Preparing Mississippi’s At-Risk Youth for Tomorrow’s Workforce
To give someone a chance often requires that someone must first take a chance. This is what Jan Farve, Workforce Readiness Director for Mississippi SHRM and then Chapter Secretary of South MS SHRM, did in 2008 when she began charting the course of what is is now known as Skillz Drillz.
Many might assume her Workforce Readiness efforts would only extend to working with those at the college-level as they are closest to joining Corporate America. While Jan does indeed work with colleges, she chose to also focus her efforts on an often-forgotten segment of individuals. This group, at no fault of their own and many times no fault of their parents, were almost surely destined to never realize their potential.
Skillz Drillz, a SHRM Pinnacle Award winning program created by Jan Taylor Farve, CSP, PHR, teaches fundamental skills to Mississippi at-risk youth. The following information is taken from any interview I did with Jan in 2012 to learn more about the program.
Let’s start off easy. When did you begin the program?
Whose idea was Skillz Drillz and who named it?
Since workforce readiness is one of my passions – along with service – the State Council position just seemed to light a fire and ideas just came in regards to how we could better serve our state. I guess it was my brainchild – both in concept and in name. The name Skillz Drillz just seemed to fit when Camp Shelby became involved.
I previously agreed to each the Workability Skills program for the girls at Camp Shelby Youth Challenge, and the relationship started there.
Now, back to Mississippi SHRM and the State Council, how does this tie into Workforce Readiness?
I didn’t go into this unprepared. Before the program was developed, I surveyed employers across the state to see what their basic needs were. Employers in Mississippi rank basic skills as a major culture hurdle in their workforce. This could be work ethic and how workers understand what is it to have great work ethic and how to develop and improve behaviors. These behaviors then tie directly into their overall work behavior and can affect attendance, dependability, willingness and initiative. In the past, there has been a lack of understanding of the concept of “Career Citizen” and we wanted to change that.
How have you shown support to national SHRM and/or MSSHRM?
Ok, on the other hand, what support have you received from national SHRM and/or MSSHRM?
Thanks to SHRM, I utilize the logo and my own SHRM involvement to market and promote the program. Since Workforce Readiness is a priority of SHRM, this gives great credibility. I’ve worked hard to get this project to the point where it is today. It hasn’t been easy but the networking alone from SHRM and MSSHRM connections has been immeasurable! MSSHRM has been beneficial in helping gain access to volunteers and participants in Mississippi.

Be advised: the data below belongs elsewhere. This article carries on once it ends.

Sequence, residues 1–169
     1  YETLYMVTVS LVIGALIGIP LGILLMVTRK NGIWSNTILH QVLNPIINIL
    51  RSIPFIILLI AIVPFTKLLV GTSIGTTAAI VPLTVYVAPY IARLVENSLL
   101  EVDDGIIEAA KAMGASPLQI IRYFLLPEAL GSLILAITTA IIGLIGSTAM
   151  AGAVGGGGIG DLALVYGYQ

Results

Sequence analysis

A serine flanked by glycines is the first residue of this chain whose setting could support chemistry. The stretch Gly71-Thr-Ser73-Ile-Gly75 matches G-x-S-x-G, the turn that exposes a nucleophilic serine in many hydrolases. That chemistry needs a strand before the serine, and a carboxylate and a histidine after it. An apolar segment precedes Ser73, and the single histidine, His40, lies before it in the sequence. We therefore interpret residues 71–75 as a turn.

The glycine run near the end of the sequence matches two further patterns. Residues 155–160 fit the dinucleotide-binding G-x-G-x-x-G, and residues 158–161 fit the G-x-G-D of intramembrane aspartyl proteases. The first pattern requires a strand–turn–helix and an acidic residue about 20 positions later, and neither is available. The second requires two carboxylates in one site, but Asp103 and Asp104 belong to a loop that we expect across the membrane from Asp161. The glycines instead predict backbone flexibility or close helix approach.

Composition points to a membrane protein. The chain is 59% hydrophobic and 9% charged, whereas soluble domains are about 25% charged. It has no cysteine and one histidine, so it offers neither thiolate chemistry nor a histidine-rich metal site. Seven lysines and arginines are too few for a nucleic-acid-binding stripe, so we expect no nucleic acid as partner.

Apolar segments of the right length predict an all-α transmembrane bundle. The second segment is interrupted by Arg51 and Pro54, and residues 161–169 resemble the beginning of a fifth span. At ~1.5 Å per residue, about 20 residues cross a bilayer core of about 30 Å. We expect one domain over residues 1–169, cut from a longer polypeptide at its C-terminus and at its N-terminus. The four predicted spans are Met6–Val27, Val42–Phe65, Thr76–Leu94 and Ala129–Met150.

Let’s back up for a moment and elaborate on an earlier statement. What does it mean to be a “Career Citizen”?
It means be a part of your environment. Be an asset to your organization and not only there for a paycheck.
Some might say that this is a bit unrealistic. In the end, aren’t we all at work to get a paycheck?
Yes, ultimately, that is the common goal we all share. Being a “Career Citizen” doesn’t mean you have to like everything about your job. It means doing more than just showing up. It means taking pride in your work – regardless of what that work might be.
What is the current status of the project?
It is four years old and is going strong. We’re currently serving 56 out of 82 counties.
Any particular counties or are they all across Mississippi?
It’s mostly South and Central MS but we’re currently setting “previews” in counties where school boards and decision are hesitant. The 2012-2013 school year will focus on marketing instead of adding new schools. The public needs to see the program and how successful it is before we can move ahead effectively.
What’s the overall goal of the program?
That could be answered in several ways and might differ depending upon who you ask. A large part of the program is to encourage students to have a desire to plan a career path while seeking ways to succeed at that plan. Surveys show that the students who have completed the program, at a rate of57%, have increased visits to school career counseling, work study programs, internships, and college prep classes.
That’s amazing. So, what are the anticipated “next steps”?
Back to surveys, the drop-out rate in Mississippi is inching upward. We are adding material encouraging the importance of High School completion. The National Guard has shown great interest in taking the program on as their own, or increasing the participation level they currently have. I have traveled to Virginia and DC to present this program to various hierarchy within the Guard.
Want to know more about Skillz Drillz?
Contact Jan Farve at firstname.lastname@example.org.
Click here to view the webcast on the Volunteer Leader’s Resource Center.